Hon-basho Daily Comments

Senshuraku Comments (Clancy Kelly reporting)
The Nagoya Basho is over, Yokozuna Extrashoveyou is the winner, and among all the injuries, the biggest had to be to the Sumo Association's reputation among objective fans who love the sport of sumo, and not the idea of sumo as a Japanese sport. Make whatever rules you want, guys, but stick to them. Kotomitsuki got beat by Kakizoe at a tachi-ai that should have been a matta. Kotooshu lost but was given the win, no discussion. Miyabiyama beat Hakuho, but no one in the Sumo kyokai noticed. Asa could have had two torinaoshi, should have had at least one, got squat. And he still won the tourney.

It has been debated by the Founding Fathers of SumoTalk, and Simon the Brave, and they all wrote eloquently and with fierce pride, and I can do no better. Enough. Besides, for those of us with slower Japanese skills, who often watch the English language broadcast, we can rejoice in not having to hear the worlds most annoying voice for two months, that being David Shapiro. I would rather watch Ali McGraw and Harrison Ford in a documentary about flies procreating than listen to that pedantic gobshite another basho, but the problem is that his partner is sometimes someone I DO want to hear (although I'd shed no tears if I learned Dave Wiggins got run over by a syrup truck, driven by a grandmother, of course).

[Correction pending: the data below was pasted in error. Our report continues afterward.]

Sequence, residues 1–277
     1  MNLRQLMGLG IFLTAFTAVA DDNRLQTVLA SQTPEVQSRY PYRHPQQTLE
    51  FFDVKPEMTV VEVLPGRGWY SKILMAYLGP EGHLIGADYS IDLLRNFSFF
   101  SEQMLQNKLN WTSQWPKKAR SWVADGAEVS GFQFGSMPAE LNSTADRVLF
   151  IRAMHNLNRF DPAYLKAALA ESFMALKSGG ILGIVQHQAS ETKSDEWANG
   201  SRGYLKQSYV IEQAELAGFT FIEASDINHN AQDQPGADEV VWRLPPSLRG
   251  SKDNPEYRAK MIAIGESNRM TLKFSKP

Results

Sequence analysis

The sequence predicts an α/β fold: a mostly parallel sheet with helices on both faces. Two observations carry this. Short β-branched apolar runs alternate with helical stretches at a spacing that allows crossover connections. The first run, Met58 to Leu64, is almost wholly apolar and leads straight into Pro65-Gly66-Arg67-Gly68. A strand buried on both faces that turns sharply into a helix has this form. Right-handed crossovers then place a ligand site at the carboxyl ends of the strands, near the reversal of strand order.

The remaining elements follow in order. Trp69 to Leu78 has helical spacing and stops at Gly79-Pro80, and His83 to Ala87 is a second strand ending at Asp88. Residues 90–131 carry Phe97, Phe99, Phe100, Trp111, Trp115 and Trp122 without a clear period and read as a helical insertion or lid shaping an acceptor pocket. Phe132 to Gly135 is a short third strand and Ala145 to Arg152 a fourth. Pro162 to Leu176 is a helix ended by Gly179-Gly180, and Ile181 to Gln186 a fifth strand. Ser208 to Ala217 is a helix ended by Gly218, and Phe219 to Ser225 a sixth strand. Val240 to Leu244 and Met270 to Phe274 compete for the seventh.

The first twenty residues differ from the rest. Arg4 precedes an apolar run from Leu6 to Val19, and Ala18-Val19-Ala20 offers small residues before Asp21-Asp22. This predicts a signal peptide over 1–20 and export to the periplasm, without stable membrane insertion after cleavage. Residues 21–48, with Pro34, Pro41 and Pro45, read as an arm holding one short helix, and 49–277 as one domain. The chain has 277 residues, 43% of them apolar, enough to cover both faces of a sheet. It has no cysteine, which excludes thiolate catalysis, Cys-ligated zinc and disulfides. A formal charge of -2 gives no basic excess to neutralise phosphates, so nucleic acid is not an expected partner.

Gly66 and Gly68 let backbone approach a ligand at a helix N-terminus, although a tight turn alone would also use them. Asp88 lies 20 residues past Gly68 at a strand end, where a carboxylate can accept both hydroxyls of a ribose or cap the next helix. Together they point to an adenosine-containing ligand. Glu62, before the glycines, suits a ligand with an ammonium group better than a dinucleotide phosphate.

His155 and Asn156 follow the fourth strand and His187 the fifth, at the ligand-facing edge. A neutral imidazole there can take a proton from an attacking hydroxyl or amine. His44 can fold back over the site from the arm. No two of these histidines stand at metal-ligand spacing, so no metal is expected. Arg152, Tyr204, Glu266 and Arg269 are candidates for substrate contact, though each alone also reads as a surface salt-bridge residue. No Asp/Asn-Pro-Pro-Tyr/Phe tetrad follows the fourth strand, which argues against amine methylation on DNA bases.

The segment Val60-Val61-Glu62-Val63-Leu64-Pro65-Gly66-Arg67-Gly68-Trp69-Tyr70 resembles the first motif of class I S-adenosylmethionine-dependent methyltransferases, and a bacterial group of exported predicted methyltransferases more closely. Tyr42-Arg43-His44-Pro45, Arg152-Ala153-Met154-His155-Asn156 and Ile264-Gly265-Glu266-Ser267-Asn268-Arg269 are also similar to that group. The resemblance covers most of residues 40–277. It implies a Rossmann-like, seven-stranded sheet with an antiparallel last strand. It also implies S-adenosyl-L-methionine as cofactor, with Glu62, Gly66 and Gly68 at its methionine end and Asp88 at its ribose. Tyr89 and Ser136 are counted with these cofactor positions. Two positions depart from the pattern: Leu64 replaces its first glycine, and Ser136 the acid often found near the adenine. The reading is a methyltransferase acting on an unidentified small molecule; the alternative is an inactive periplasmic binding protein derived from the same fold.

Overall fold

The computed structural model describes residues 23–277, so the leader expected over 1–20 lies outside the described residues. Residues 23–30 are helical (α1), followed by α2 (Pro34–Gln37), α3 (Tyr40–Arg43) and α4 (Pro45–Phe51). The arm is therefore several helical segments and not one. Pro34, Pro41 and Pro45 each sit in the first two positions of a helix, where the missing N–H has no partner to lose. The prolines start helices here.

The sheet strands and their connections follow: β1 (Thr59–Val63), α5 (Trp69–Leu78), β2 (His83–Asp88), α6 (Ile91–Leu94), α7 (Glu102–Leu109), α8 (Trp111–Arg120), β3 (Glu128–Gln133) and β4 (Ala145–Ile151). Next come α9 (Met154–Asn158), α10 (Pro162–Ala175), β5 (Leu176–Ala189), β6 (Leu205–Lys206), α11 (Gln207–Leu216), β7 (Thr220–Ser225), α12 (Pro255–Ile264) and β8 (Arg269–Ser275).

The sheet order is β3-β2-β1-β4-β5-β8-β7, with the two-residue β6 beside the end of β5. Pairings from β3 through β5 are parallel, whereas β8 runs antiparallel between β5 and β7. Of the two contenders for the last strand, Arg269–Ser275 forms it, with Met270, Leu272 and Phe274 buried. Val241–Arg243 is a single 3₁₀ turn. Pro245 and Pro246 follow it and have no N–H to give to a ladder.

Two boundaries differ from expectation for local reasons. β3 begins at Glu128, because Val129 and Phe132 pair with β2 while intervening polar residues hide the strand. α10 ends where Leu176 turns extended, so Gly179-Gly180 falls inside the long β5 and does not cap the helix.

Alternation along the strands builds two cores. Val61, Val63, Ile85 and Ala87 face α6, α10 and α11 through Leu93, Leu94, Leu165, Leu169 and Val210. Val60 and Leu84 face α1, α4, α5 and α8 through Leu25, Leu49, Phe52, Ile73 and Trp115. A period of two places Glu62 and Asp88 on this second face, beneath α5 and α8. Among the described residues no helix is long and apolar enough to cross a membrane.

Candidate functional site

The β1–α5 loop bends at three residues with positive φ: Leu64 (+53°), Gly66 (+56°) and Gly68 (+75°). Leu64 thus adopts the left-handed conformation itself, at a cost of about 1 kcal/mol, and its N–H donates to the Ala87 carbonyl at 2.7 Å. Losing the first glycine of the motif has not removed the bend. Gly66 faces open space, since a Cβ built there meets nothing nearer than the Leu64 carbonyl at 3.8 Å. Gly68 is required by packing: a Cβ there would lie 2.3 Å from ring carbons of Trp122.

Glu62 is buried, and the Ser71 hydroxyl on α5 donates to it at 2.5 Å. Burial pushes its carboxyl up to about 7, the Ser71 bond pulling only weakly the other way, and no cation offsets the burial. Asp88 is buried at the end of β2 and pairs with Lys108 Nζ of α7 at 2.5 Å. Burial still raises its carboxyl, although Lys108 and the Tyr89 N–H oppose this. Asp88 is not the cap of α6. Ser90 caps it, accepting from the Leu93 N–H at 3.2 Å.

Anyway, on Day 15, Hakurozan M14 kept a family tradition going and henka'd the oldest man in sumo for his 8th win. Congratulations, brilliantly done, and sleep well tonight, femme.

As for Kotonowaka, what is with all the bells tolling? His last 6 basho: M9 10-5; M5 9-6; M2 4-11; M9 8-7; M8 8-7; M7 4-11. He may end up oyakata soon, but I wouldn't bet on it. I say he lasts until, at least, Nagoya next year. And that is a good thing for sumo. The man has class and style and dignity, and saved the sumo association from having a Yokozuna with a broken neck last year by putting his hand down to avoid crushing Asashoryu's head, and was given the loss for his troubles. Love that sumo kyokai, they really know their stuff!